Clinician-parent communication during informed consent for pediatric leukemia trials

J Pediatr Psychol. Apr-May 2005;30(3):219-29. doi: 10.1093/jpepsy/jsi032. Epub 2005 Feb 23.

Abstract

Objective: To address the need to describe informed consent in pediatric settings and to identify barriers to parent understanding, this study assessed how aspects of clinician-parent communication during the informed consent conference (ICC) relate to parent understanding of informed consent and parent perception of the impact of the ICC on their anxiety and control.

Methods: Parents of 127 children with newly diagnosed leukemia who were eligible for clinical trials were the participants. The study used comprehensive methods including both observational and self-report assessment methods.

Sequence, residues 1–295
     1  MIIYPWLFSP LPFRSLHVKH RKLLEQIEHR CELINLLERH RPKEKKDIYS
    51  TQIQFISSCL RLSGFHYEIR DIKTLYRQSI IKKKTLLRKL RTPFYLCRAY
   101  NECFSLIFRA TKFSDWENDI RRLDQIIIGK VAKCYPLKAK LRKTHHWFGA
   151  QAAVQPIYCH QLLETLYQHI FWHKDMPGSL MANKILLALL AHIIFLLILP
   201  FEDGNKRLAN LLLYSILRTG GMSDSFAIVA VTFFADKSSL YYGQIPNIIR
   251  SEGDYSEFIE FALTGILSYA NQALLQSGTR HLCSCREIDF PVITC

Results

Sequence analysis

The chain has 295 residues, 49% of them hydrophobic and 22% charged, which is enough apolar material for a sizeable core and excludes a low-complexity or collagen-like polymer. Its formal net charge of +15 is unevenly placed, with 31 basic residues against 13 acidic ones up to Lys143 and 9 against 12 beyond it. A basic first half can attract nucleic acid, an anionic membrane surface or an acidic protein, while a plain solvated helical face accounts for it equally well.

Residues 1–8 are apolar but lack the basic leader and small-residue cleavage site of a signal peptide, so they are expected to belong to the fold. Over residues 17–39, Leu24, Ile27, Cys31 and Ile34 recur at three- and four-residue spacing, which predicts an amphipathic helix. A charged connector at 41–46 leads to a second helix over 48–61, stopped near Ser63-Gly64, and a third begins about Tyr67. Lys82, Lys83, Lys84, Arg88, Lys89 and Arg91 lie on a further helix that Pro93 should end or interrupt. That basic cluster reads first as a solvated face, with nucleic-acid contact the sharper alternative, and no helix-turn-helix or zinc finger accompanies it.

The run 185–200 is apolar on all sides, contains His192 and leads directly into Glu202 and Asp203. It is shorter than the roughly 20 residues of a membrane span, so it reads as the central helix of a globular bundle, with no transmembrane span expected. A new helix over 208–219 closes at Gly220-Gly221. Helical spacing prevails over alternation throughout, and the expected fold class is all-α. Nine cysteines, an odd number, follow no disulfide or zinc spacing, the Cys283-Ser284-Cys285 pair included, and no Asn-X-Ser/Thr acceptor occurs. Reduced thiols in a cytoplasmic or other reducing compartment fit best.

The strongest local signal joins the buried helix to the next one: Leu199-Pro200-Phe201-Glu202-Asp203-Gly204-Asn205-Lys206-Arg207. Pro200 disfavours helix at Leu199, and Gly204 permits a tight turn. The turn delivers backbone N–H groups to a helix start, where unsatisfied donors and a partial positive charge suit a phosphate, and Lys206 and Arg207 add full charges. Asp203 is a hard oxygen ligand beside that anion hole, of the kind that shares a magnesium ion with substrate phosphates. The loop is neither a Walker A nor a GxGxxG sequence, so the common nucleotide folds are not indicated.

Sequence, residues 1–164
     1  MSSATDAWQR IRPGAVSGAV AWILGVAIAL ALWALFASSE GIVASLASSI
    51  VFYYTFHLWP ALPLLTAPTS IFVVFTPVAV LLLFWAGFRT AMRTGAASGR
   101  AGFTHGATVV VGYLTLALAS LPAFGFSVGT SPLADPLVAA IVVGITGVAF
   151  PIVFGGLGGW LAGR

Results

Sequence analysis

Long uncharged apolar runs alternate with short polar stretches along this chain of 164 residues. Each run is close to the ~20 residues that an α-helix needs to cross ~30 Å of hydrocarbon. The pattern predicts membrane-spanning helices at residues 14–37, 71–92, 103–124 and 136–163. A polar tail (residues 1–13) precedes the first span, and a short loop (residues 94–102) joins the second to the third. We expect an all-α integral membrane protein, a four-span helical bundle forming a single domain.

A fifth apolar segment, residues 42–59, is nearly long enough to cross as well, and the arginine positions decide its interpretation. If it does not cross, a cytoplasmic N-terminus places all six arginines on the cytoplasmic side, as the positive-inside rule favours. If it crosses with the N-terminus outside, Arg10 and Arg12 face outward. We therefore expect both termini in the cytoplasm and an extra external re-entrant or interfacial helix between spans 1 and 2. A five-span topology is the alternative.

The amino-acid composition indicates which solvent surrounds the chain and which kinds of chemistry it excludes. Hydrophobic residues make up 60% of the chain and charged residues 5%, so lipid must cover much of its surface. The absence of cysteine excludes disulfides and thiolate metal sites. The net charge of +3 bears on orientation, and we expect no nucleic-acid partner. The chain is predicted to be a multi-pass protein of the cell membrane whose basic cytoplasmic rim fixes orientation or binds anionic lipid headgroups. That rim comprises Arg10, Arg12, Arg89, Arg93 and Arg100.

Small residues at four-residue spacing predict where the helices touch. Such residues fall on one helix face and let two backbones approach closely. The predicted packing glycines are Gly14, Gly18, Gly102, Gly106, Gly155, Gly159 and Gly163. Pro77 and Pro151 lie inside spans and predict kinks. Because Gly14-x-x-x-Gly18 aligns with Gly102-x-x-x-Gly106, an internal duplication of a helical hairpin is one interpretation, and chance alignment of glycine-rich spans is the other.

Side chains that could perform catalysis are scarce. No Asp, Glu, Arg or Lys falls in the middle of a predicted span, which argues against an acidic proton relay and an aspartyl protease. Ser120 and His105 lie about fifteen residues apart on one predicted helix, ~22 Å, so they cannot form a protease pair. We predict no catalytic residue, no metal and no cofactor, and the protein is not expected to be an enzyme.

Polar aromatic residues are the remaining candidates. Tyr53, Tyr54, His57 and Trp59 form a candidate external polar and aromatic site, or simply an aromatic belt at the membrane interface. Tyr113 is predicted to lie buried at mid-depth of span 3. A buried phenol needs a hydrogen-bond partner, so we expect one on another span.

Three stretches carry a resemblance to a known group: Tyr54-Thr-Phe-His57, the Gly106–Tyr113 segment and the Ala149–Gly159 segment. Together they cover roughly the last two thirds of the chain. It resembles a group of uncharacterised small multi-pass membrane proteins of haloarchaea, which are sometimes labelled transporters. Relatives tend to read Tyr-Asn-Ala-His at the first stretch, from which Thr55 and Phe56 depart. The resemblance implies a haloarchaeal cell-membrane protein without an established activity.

Results: Structural equation modeling demonstrated that parent race and socioeconomic status (SES) were powerful predictors of clinician-parent communication, parent anxiety and control as a result of the ICC, and parent understanding. Clinician information giving and partnership building predicted parent participation during the ICC.

Conclusions: These findings may be used to design interventions that increase the effectiveness of the ICC by identifying specific elements of the conference that influence parent affect and understanding.

Publication types

  • Research Support, N.I.H., Extramural
  • Research Support, U.S. Gov't, P.H.S.

MeSH terms

  • Adolescent
  • Adult
  • Anxiety / prevention & control
  • Anxiety / psychology
  • Child
  • Child, Preschool
  • Clinical Trials as Topic
  • Communication*
  • Decision Making
  • Female
  • Humans
  • Infant
  • Informed Consent*
  • Leukemia / therapy*
  • Male
  • Parents / psychology*
  • Professional-Family Relations*